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March 26, 2013 > Food, glorious food: Meals on Wheels

Food, glorious food: Meals on Wheels

Facing the prospect of a day without a well prepared, nutritious meal and limited ability to leave your residence to get it isn't a pleasant thought. Many, especially elderly and disabled, face that prospect daily without fanfare. However, a stalwart group of volunteers of all ages, part of a national movement to alleviate the problem, wait every weekday morning in the parking lot behind Fremont City Hall for the Meals on Wheels truck that brings prepackaged meals from a central kitchen in Livermore.

To underscore the importance of this program, Tri-City Mayors, Bill Harrison (Fremont), Al Nagy (Newark) and Carol Dutra-Vernaci (Union City) along with Fremont Councilmembers Sue Chan and Vinnie Bacon joined volunteers including past councilmember and LifeEldercare Board President Judy Zlatnik on Wednesday, March 20 to deliver hot, nourishing meals.

The Tri-City effort began in 1975 when Virginia Carlson of Fremont recognized the need for nutritional meals to the area's elderly and founded LIFE Eldercare. During its first year, the program delivered about 300 meals to the homebound elderly in the Tri-City Area. Almost 40 years later, Meals on Wheels of LIFE Eldercare has grown, now depending on approximately 60 volunteer drivers who cover 24 separate routes in Fremont, Newark and Union City. Each day, new recipients are added and the list continues to grow.

The most common misconception about Meals on Wheels is that it is a federally subsidized, free program. It is not. Life ElderCare Executive Director Patricia Osage says that Meals on Wheels is supported by volunteers, donations and grants, and contributions from recipients who pay on a sliding scale, based upon income level. Cost of the food is $3.50 but, even with volunteer drivers, the real cost considering transportation and overhead, is actually $7 per meal.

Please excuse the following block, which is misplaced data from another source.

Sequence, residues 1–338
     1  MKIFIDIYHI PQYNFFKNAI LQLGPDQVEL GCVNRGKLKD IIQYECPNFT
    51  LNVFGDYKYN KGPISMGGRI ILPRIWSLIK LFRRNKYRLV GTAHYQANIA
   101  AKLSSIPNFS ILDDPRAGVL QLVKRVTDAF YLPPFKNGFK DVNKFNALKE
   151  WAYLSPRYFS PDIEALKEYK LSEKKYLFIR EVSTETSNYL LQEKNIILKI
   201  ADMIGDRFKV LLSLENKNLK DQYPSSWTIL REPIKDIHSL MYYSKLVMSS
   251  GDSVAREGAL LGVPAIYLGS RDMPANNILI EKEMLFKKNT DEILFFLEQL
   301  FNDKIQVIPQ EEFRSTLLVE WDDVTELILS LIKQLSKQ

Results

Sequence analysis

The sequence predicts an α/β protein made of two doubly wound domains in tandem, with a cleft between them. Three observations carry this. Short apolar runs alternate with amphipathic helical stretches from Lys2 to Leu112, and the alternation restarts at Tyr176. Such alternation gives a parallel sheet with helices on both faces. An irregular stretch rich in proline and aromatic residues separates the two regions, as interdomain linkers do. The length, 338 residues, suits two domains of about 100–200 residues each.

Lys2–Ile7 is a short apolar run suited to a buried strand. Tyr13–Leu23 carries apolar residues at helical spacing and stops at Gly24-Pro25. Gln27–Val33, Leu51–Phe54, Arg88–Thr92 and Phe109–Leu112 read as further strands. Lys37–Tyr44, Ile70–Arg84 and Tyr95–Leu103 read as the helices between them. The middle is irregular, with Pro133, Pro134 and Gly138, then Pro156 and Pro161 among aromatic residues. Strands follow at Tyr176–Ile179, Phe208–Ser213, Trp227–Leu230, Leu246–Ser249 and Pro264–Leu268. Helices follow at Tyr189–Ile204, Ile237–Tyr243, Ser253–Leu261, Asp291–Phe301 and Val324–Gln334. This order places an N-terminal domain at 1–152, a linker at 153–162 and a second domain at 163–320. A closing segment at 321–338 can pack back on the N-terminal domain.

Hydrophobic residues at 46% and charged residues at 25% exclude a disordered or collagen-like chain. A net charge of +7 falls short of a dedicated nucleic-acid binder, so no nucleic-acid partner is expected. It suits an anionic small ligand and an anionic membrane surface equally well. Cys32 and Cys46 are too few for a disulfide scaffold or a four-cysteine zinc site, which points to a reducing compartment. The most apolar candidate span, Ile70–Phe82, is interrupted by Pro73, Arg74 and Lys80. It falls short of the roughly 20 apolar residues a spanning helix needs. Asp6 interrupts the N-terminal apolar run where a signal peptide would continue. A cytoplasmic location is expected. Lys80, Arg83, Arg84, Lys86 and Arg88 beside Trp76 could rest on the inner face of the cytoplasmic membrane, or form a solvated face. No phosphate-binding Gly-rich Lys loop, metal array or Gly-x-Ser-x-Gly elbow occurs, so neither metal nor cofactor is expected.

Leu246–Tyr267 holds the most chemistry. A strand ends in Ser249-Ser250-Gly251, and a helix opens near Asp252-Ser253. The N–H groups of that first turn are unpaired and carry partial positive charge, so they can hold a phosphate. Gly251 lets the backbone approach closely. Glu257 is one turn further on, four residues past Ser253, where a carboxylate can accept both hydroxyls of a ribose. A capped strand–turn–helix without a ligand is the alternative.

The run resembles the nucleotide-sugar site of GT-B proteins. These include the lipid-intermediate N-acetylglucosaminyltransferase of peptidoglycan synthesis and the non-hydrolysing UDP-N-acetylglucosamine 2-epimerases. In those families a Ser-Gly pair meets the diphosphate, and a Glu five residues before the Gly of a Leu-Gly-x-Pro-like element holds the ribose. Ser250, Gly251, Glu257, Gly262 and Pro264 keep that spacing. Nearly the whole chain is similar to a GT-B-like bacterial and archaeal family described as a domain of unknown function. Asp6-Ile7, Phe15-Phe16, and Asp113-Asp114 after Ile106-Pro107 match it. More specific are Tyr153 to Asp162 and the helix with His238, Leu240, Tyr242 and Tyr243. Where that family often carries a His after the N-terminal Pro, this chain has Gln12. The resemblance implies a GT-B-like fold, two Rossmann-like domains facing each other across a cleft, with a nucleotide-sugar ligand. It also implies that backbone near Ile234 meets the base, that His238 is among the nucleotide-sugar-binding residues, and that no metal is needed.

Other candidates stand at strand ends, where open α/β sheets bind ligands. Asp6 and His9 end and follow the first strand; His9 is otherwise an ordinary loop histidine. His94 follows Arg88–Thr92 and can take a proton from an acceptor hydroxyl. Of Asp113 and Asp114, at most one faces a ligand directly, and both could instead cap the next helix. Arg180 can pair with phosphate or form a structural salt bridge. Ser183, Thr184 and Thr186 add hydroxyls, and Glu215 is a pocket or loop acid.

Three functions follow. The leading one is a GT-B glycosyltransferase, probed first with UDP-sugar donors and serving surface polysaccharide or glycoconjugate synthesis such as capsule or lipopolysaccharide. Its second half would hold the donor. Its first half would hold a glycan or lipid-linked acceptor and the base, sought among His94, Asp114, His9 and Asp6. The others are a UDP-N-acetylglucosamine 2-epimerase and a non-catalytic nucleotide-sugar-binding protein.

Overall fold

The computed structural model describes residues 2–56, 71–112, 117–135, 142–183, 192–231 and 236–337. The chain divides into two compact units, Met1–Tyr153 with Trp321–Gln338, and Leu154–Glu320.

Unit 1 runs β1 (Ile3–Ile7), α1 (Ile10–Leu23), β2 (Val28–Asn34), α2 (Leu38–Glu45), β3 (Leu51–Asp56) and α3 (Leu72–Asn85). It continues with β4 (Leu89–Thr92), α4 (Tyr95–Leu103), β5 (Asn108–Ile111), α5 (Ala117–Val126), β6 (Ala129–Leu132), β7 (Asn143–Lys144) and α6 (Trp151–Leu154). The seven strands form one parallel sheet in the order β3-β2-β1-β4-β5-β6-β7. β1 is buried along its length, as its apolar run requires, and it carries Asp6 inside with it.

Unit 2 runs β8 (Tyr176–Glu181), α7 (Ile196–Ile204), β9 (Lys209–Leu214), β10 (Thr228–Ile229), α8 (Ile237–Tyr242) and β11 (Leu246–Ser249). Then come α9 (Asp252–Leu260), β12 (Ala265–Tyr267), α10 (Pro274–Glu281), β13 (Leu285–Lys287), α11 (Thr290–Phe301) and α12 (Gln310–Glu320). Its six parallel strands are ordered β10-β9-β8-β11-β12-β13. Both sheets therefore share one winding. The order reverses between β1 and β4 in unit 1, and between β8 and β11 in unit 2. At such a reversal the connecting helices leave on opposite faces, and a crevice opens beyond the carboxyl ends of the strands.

LIFE Eldercare Outreach Coordinator Tammy Duran adds that both companies and individuals are welcome to join the ranks of volunteer drivers for Meals on Wheels. Volunteer drivers may commit to a few hours each month, each week or more often, depending on their schedule; some individuals and companies share route responsibilities between several drivers. As with any organization dependent on daily attendance, emergencies can create difficult vacancies; assistance and sponsorship is always welcome. She notes that a $100 donation to Meals on Wheels is the equivalent of 30 meals, about a month of sustenance for a recipient.

Although Meals on Wheels recipients receive a bill, if for some reason the person cannot pay the total, the remainder is found somewhere. This "somewhere" might be from a shrinking pool of federal and state funding or vital local donations.

LIFE ElderCare helps frail, homebound seniors in the Tri-City area through four services: Meals on Wheels, Friendly Visitors, VIP Rides and Falls Prevention. If you are interested in donating or becoming a volunteer, please visit www.lifeeldercare.org or call (510) 574-2090.

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